For years, the credit-rating agencies have operated almost like members of an exclusive club. Only three companies are authorized by federal securities regulators to appraise the creditworthiness of corporate and governmental bond issuers, creating a troika that wields enormous influence over the investment decisions of institutions and individuals. But that cozy arrangement may be about to change.
Why? The agencies' performance through the past year's wave of corporate scandals has been sharply criticized. First, Congress, bondholders, and others fumed that the raters kept Enron Corp. at investment grade until just four days before it filed for bankruptcy in December, 2001. Then, as other companies ran into trouble, the agencies took heat for slashing ratings too quickly.
Such criticisms led Congress--through the Sarbanes-Oxley corporate reform law--to direct the Securities & Exchange Commission to study the effectiveness of the ratings agencies. Their report is due back by the end of January. In the wake of hearings held on Nov. 15 and 21, the SEC looks likely to pave the way for new entrants. Says one SEC insider: "It's not in our interest to have a regime in place that unnaturally limits competition."
The existing agencies--Moody's Investors Service, Standard & Poor's (which, like BusinessWeek, is a unit of The McGraw-Hill Companies), and Fitch--owe their elite status to an accident of regulation. In 1975, the SEC ruled that brokerage firms had to discount below-investment-grade bonds when calculating their assets, and that the bond ratings must come from a "nationally recognized statistical ratings organization" (NRSRO). Without defining the term, the SEC anointed Moody's, S&P, and Fitch as the sole NRSROs.
The franchise has made all three highly profitable--a fact that became crystal clear last year when Moody's released its earnings for the first time ever, following its spin-off from Dun & Bradstreet in 2000. Until then, numbers for the sector had been hard to come by. But given the 50% operating margins Moody's boasted in 2001, it's little wonder that smaller credit-raters covet NRSRO status. Says Glenn L. Reynolds, CEO of CreditSights Inc., an independent credit research firm: "It's like getting a free pass to an ATM machine."
Would-be competitors who think they can do a better job--including Egan-Jones Ratings, Lace Financial, and A.M. Best--find ammo for their cause in a September survey by the Association for Financial Professionals. The poll found that 29% of financial execs who work for companies with rated debt believe their ratings are inaccurate, while 40% think it takes too long for changes in the company's finances to show up in the rating.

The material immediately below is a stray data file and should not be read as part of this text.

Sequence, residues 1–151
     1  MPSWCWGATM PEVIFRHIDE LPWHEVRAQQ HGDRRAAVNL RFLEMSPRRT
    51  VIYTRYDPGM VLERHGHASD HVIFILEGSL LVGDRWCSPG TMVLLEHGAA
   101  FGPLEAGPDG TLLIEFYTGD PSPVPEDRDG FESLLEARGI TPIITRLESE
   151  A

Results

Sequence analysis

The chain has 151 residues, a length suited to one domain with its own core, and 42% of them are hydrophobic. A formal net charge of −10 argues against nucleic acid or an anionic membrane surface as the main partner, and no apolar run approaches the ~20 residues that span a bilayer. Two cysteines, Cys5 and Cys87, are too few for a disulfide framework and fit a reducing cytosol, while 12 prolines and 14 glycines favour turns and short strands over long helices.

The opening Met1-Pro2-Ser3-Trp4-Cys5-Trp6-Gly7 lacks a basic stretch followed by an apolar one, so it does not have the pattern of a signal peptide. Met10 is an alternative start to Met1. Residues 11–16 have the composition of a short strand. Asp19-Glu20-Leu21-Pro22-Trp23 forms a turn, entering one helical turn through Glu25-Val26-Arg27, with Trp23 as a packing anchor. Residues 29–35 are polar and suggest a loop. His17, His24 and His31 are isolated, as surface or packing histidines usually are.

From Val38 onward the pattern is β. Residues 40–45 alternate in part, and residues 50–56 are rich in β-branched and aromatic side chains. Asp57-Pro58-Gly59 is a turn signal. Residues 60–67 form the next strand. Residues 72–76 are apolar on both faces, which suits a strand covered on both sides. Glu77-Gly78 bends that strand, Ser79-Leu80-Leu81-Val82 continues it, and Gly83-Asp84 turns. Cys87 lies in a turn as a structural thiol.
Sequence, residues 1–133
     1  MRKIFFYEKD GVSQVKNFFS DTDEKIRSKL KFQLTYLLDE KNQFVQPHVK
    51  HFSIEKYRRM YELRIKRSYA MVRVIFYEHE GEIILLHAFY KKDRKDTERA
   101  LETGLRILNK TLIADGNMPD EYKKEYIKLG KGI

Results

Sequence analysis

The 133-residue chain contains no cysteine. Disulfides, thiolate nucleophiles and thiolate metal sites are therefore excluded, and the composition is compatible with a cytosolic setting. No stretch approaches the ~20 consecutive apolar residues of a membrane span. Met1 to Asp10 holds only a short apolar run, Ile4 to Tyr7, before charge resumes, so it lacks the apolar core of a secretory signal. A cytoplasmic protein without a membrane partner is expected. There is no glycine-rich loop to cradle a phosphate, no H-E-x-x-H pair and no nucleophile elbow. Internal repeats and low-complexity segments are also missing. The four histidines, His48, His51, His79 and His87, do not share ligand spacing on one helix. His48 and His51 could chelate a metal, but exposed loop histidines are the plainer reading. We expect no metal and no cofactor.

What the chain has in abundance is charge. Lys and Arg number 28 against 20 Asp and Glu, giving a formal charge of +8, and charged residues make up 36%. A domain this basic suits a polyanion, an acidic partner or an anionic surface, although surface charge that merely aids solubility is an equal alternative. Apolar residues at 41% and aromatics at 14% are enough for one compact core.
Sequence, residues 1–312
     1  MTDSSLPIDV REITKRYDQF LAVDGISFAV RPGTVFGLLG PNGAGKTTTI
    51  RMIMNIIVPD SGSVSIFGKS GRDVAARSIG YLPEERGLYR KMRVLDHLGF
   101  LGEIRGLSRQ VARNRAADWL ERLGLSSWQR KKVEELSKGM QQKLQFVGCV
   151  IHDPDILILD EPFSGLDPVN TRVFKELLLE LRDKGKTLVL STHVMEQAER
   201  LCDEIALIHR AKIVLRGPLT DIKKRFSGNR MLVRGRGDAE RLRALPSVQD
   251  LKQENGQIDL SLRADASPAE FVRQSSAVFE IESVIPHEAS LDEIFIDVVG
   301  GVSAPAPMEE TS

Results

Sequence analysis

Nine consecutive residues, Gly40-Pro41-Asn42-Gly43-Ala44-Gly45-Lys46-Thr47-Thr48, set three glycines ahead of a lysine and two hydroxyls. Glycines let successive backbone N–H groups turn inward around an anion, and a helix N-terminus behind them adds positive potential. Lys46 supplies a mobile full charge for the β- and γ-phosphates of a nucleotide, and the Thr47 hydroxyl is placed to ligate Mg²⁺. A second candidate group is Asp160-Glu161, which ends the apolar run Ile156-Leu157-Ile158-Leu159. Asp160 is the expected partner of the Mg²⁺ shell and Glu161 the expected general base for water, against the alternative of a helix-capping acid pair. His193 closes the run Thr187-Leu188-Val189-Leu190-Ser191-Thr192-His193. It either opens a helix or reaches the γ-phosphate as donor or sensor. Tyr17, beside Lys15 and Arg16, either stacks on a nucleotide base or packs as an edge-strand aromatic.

The three leaders have been circumspect about increased competition. S&P President Leo O'Neill says he would welcome newcomers, provided they offer high-quality, independent research. While Moody's President Raymond W. McDaniel says his company is "neither in favor nor opposed" to more competition, he worries that "new entrants may compete in the market by offering higher ratings" than the leading players.
The three gripe that they've come under withering and often unfair criticism since Enron broke. Execs insist they were doing their best amid the chaos of the corporate meltdowns. "We are looking at the fundamental credit quality of companies we rate, and sometimes that changes more rapidly in periods of market volatility," says McDaniel.
Despite the carping, the SEC is unlikely to throw the gates open to all comers. The commission's big fear: Issuers would be tempted to shop for the highest ratings. A more likely scenario: The SEC will clarify the now-opaque process of gaining NRSRO status, and a few rivals will be admitted to the club.
Will a jolt of competition make for more accurate and timely ratings? That depends on whether the newcomers can gain more than a toehold in a market so dominated by two behemoths that even No. 3 Fitch, has had a tough time competing. "You can't just put ratings out there and expect people to follow them. You have to have a reputation for reliability," says Stephen W. Joynt, Fitch's president and CEO. It took Fitch more than four years and investments of $40 million to become profitable. The smaller fry may get in on the action, but they'll still have their work cut out for them. By Amy Borrus, with Mike McNamee, in Washington